By Mark Trevelyan
RIO DE JANEIRO (Reuters) - Dutch gymnast Sanne Wevers changed her gameplan at the last minute on Monday after American Simone Biles lost her footing on the beam, and it paid off when she became the first woman from her country to win an individual gymnastics gold.
Biles had been favorite to win her fourth gold medal of the Rio Games but drew gasps as she lost her balance after a front somersault and had to grab the beam with both hands to stop herself falling.
In a sport where athletes are judged on the sum of two scores - a "D-score" for difficulty plus a mark for quality of execution - Wevers said she had originally planned to go all out with her hardest routine.
"That was actually the plan but after I saw her score I was like 'OK, maybe just be safe and be as high as possible on my D-score, but also really watch my execution'," she said.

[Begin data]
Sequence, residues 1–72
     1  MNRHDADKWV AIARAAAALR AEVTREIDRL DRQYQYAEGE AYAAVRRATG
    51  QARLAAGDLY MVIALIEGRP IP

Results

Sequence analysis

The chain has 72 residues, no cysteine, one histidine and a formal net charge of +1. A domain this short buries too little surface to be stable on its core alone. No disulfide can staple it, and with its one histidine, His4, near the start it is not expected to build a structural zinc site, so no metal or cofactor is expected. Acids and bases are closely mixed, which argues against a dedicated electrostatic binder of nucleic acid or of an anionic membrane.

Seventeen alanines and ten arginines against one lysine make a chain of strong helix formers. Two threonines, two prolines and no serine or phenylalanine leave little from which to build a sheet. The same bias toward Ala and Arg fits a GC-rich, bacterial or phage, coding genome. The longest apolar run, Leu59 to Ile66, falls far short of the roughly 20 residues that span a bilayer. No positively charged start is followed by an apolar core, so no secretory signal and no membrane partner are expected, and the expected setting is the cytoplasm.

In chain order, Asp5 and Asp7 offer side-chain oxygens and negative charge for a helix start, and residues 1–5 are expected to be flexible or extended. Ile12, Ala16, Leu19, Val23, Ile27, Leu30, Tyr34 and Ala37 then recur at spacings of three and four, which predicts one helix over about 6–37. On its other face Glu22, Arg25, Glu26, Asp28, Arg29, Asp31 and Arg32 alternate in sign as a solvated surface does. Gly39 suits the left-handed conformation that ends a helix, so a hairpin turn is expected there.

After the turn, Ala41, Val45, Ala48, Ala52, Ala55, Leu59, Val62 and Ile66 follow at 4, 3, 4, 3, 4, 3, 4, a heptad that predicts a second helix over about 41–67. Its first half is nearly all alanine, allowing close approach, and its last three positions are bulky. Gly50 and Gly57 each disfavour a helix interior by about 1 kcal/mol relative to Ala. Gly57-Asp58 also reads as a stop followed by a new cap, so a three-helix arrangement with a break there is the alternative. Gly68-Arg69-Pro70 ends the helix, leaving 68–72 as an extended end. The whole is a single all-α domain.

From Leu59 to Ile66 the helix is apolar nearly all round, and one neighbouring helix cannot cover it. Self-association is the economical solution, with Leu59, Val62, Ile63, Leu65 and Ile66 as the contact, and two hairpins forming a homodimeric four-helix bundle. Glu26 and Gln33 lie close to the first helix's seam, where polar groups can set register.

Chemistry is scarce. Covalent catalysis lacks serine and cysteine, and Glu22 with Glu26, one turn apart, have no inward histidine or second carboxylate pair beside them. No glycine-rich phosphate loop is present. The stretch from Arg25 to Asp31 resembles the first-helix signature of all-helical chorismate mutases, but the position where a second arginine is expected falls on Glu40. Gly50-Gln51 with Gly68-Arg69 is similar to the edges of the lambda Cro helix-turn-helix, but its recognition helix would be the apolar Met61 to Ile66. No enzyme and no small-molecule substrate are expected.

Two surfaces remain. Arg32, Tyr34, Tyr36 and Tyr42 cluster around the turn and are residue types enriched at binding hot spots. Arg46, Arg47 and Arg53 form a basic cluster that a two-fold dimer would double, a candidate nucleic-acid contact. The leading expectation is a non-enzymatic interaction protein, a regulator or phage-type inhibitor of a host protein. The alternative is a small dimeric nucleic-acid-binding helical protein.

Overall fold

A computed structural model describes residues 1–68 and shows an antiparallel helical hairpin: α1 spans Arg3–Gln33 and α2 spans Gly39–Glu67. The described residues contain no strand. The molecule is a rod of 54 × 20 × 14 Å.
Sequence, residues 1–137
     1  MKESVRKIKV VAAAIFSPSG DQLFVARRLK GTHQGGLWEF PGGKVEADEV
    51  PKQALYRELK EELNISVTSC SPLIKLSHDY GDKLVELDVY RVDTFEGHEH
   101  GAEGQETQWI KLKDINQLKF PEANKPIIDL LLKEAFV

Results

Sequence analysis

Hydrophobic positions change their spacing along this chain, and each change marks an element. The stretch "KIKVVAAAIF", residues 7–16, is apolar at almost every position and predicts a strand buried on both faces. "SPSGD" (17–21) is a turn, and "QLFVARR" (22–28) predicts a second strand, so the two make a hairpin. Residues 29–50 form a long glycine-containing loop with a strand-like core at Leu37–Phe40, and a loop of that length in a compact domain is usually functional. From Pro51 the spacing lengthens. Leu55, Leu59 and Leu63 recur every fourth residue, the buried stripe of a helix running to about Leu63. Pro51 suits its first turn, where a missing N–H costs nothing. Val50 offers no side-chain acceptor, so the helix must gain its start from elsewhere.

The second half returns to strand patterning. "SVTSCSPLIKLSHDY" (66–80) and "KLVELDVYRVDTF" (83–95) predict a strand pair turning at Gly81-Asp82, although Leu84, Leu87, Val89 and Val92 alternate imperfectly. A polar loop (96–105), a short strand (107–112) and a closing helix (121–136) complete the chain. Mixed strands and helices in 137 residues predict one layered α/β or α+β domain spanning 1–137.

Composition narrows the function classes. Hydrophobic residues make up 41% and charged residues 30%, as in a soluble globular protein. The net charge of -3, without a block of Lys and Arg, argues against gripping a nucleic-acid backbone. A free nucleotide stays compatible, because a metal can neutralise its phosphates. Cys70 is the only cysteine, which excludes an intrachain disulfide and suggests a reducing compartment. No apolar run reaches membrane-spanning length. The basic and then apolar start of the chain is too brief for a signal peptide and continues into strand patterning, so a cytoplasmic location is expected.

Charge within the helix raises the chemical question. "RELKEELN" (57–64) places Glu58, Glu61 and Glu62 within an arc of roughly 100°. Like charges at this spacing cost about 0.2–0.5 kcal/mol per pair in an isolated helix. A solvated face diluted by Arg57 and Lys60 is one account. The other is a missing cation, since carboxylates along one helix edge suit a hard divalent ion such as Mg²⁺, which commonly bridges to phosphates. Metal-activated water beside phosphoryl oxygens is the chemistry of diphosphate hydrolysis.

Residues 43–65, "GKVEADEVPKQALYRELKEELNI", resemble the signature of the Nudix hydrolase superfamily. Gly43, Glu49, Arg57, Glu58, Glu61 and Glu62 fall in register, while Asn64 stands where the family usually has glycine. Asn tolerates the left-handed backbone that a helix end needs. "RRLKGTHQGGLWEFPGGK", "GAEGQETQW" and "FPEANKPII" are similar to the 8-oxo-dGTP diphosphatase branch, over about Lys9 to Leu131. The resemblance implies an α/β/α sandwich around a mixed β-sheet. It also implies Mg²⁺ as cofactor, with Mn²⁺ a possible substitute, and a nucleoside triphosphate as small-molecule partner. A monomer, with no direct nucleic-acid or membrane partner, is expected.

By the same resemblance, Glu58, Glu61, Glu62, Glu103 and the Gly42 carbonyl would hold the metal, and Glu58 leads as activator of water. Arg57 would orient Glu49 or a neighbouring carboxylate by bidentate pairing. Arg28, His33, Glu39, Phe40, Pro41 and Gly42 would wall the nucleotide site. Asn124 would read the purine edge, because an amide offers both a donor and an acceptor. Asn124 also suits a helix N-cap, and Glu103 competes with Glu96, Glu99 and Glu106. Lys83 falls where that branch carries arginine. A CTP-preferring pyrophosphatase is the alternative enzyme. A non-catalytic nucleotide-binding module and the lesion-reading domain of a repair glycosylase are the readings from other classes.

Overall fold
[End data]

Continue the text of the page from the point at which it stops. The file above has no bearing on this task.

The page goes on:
Performing immediately after Biles, she adjusted her D-score to 6.6 from 7.0 and executed a graceful routine featuring numerous spins, including a triple.
Having qualified only fourth for the final, she finished with a score of 15.466, with Laurie Hernandez of the United States taking the silver with 15.333 and Biles the bronze on 14.733.
On her way to talk to reporters, Wevers was congratulated in person by King Willem-Alexander -- "He just said he was really proud of me" -- and fielded a phone call from Prime Minister Mark Rutte.
"To be out there and do my best routine ever in such a big final, it's amazing," she said.
(Editing by Alison Williams)